Oliver Stone has an illustrious and controversial career as a film maker and television producer/director.
Oliver Stone has been credited with writing and or directing over 20 full-length feature films, earning him a well-respected place in cinematic history for some of the most influential and iconic films of the last two decades.
Join us this evening and expect the unexpected from the man who says on his own website: Either you're born crazy or you're born boring.
In our two latest radio shows for EGH Media, Matthew discussed Richard III (including his own meeting with the king) and other monarchs or heads of state whose remains have no known resting place, including Alfred the Great.
If you missed either show, you can listen to them below.
Don't forget to tune in on April 23 for our special St George's Day show.
Last month, Matthew attended the press conference we all wanted to be at ... where the answer to the question 'is it Richard?' was revealed. Not only that, but he found himself face to face with the man himself. Matthew related his unforgettable experience to the Birmingham Post.
I went upstairs and there was the skeleton laid out. It was an extraordinary experience.
Having plumed and cleaned your chickens, cut them in half, truss them and pound them with the flat of a big knife: then put them in a pot with good butter and melted lard, some slices of lemon, elephant garlic and all sorts of fines herbes, except thyme and laurel; cook and simmer all this slowly over a low fire with a little good bouillon, then put in a glass of Champagne, or of good white wine: when they are almost cooked, take them out of the pot, bread them well and grill them, and serve them as is or with a Remoulade.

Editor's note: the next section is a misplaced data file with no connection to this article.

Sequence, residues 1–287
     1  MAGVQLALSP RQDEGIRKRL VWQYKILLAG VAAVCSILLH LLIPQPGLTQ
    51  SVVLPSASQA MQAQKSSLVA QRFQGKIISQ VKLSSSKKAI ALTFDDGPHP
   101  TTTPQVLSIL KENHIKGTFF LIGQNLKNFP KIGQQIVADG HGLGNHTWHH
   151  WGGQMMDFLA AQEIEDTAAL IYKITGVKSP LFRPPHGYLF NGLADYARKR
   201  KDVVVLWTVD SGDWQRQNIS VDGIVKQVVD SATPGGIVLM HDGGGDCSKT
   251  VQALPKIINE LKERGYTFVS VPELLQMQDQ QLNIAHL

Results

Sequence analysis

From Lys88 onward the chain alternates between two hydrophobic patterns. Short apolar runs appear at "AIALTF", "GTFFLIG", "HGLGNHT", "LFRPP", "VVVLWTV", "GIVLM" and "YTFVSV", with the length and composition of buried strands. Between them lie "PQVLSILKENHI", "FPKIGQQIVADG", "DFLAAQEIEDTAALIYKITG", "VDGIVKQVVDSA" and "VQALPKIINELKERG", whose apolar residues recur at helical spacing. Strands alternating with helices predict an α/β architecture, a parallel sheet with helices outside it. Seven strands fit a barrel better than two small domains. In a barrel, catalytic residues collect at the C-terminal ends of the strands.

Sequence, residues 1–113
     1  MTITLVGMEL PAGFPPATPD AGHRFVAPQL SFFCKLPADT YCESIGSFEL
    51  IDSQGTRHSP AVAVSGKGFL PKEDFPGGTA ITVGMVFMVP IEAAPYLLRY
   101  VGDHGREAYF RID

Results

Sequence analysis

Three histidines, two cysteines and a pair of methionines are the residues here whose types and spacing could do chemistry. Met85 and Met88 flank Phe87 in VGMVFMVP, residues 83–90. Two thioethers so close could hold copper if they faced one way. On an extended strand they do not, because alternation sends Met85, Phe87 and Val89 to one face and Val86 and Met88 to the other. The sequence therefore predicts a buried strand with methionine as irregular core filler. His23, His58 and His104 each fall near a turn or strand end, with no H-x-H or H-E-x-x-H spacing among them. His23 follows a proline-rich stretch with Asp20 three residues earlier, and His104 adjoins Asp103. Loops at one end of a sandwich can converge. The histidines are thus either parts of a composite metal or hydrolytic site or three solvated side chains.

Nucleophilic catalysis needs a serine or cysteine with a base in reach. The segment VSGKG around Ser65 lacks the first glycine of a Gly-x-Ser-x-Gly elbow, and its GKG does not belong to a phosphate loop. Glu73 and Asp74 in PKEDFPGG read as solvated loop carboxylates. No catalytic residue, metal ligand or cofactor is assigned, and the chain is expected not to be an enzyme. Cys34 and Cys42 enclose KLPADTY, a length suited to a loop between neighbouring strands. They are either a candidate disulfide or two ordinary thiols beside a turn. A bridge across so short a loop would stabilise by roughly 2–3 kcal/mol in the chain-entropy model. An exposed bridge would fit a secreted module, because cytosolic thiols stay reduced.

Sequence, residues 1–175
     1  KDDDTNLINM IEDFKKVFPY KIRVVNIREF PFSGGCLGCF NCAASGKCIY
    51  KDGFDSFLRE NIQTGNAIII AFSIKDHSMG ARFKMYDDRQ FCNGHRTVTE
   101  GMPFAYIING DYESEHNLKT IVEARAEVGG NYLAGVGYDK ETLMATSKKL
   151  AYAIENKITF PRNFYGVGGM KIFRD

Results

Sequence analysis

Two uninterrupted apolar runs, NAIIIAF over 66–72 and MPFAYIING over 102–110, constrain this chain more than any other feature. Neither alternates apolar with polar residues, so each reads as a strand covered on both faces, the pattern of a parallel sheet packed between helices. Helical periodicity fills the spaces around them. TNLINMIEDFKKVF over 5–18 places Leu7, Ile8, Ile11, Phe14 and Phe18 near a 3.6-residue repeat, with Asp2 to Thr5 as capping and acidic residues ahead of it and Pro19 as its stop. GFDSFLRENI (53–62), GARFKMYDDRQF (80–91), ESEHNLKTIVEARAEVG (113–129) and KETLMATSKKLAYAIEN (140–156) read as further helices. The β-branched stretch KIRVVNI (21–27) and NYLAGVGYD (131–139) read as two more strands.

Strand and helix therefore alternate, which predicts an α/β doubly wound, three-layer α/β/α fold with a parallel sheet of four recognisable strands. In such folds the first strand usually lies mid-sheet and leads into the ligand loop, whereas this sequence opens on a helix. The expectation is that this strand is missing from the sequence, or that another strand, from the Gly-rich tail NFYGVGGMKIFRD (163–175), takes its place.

For the sauce:
Chop two or three shallots up very fine, a little chervil and some tarragon; put all this in the bottom of an earthen vessel with mustard, a trickle of vinegar, salt and pepper, depending on how much you need; sprinkle your suace lightly with oil, and stir it constantly; if you see that it thickens too much, put in a little vinegar; taste to see if it is properly salted; if it is too salty, put in a little more mustard and oil.